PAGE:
Damage or pressure to the vagus nerve after a brain injury can contribute to inflammation and symptoms similar to other post brain injury conditions.  Neuroinflammatory responses from PTSD, chronic pain, syncope, chronic fatigue syndrome, and IBS are a few conditions signaling a vagus nerve problem linked with a concussion may exist. Dueling conditions can cause significant suffering and confusion for patients with traumatic brain injuries.  Early recognition of vagus nerve dysfunction after a traumatic brain injury could improve patients’ risk of long-term health complications.

There are twelve vital pairs of cranial nerves. The cranial X nerve, also known as the vagus nerve, plays a significant role in regulating the parasympathetic nervous system. The vagus nerve supports the proper functioning of multiple motor and sensory systems. Starting from the brain stem, traveling past our ears and throat to the base of the neck, the nerve branches off toward the left and right side of the body.  While continuing to weave through pulmonary systems of the lungs and heart, the vagus nerve passes vital organs, running through the diaphragm, ending in our abdomen.  Multiple studies associate the vagus nerve with the microbiome and the communication highway between our brain and gut.

Though the vagus nerve contributes to our body’s responses associated with anxiety and fear, instinctively, we also rely on its ability to calm our nervous system. As part of the autonomic nervous system, the vagus nerve helps control our body’s heart rate and blood pressure. Studies have shown that the vagus nerve has a direct influence on inflammatory responses and closely aligns with the regulation of our immune system.

Many other health problems, such as viral infections, diabetes, and chronic illness, could contribute to a poorly functioning vagus nerve. Determining if an injured nerve happened at the time of a concussion can be difficult for many medical professionals to diagnose. Early symptoms such as a hoarse voice, stabbing pain near the head, difficulty swallowing, intestinal bowel disorders, muscle cramping, gastroparesis, and organs such as the liver, kidneys, or pancreas may seem to weaken. If not properly diagnosed and treated, our health can slowly worsen, leaving us vulnerable to various forms of illness and potential disease.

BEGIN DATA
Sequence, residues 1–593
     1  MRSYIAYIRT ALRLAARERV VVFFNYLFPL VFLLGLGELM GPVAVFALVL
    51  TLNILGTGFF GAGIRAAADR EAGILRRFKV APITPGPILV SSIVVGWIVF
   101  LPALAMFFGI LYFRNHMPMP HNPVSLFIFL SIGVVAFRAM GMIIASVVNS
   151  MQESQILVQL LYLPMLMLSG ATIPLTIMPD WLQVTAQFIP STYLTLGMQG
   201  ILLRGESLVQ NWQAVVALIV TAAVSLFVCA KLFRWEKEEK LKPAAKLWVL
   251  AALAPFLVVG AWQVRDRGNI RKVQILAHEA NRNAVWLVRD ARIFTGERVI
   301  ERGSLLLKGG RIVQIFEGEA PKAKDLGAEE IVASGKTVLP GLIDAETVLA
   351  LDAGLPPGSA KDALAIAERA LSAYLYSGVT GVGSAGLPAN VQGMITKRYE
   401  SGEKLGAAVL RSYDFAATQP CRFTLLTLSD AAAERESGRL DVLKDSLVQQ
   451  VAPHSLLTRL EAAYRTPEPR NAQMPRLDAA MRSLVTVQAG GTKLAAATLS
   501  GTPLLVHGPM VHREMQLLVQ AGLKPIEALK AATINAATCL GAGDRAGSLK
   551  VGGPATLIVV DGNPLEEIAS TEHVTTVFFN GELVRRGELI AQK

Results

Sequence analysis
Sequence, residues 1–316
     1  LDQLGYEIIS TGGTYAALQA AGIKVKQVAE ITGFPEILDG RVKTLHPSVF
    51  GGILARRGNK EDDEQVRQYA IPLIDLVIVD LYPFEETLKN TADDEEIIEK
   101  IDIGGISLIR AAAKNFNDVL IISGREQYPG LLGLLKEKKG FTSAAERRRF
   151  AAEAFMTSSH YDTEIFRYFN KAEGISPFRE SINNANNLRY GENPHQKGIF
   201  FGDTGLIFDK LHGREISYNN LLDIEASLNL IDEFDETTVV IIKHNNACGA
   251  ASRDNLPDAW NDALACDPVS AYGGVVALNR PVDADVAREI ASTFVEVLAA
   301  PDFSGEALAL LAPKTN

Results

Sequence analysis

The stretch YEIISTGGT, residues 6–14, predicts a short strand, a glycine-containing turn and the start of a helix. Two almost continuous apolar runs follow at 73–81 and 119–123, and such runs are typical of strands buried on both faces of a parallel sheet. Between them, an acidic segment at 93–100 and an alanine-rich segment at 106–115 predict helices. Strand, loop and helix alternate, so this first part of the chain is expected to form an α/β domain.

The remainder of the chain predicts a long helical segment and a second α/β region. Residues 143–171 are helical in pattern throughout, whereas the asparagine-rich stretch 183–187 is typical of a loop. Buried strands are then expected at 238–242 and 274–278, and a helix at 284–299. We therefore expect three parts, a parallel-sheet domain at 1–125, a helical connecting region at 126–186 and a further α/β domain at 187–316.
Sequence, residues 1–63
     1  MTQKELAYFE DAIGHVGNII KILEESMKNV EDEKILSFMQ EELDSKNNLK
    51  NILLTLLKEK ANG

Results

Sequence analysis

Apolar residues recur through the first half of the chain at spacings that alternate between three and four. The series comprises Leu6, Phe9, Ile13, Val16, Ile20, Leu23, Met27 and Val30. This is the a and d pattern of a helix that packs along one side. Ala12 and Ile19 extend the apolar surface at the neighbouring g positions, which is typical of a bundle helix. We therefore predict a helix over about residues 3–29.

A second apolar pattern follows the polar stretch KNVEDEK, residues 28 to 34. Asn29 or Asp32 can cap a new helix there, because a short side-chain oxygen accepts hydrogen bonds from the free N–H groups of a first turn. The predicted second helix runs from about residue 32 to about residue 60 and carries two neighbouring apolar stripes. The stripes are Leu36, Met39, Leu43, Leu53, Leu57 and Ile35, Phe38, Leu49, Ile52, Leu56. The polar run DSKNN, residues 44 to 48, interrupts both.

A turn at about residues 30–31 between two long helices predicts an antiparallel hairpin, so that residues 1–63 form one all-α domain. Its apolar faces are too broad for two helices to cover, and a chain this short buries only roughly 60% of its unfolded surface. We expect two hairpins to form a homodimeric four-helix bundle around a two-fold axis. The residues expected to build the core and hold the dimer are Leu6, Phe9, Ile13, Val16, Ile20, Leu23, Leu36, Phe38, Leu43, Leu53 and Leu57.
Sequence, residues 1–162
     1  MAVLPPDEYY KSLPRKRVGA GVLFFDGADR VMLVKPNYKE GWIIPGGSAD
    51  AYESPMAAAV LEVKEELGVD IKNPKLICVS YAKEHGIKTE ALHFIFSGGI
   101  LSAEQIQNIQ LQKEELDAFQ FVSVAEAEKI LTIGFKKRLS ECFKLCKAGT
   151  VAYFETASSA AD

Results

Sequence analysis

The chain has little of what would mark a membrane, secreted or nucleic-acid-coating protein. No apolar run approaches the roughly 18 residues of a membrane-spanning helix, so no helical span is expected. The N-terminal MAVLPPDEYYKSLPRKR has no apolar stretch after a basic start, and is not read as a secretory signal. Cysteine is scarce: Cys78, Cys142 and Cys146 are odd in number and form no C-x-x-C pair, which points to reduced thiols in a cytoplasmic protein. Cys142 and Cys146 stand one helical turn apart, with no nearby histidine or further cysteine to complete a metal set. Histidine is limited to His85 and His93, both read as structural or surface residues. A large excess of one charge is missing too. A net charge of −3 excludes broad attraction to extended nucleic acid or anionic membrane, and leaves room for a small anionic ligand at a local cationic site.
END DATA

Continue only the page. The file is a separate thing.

Several treatment options are available to help restore and strengthen the health of the vagus nerve. Traditional treatments range from vagus nerve stimulation devices approved by the FDA to physical therapy, prescriptions, and surgical intervention for severe cases. Circumstances, where minimal damage to the nerve has occurred, increases the probability of natural healing in time.

In his book, titled “Why Isn’t My Brain Working,” author and Harvard Medical School trained researcher Dr. Datis Kharrazian Ph.D., DHSc, DC, MS, MMSc, FACN, explains the overwhelming impact neuroinflammation has on the gut-brain axis. He highlights the importance of a healthy vagus nerve, especially for patients with high-risk factors such as a traumatic brain injury.

Alternative physical therapy exercises, functional neurology, and integrative functional health physicians have seen a tremendous increase in patients within the past few years who continue to suffer from post-concussion syndrome, vagus nerve dysfunction, chronic illness, autoimmune and other health conditions.  Alternative health specialists who focus on whole-body healing may use therapies such as chiropractic acupressure, massage, acupuncture, and more to help activate the vagus nerve while restoring health and balance to the entire nervous system.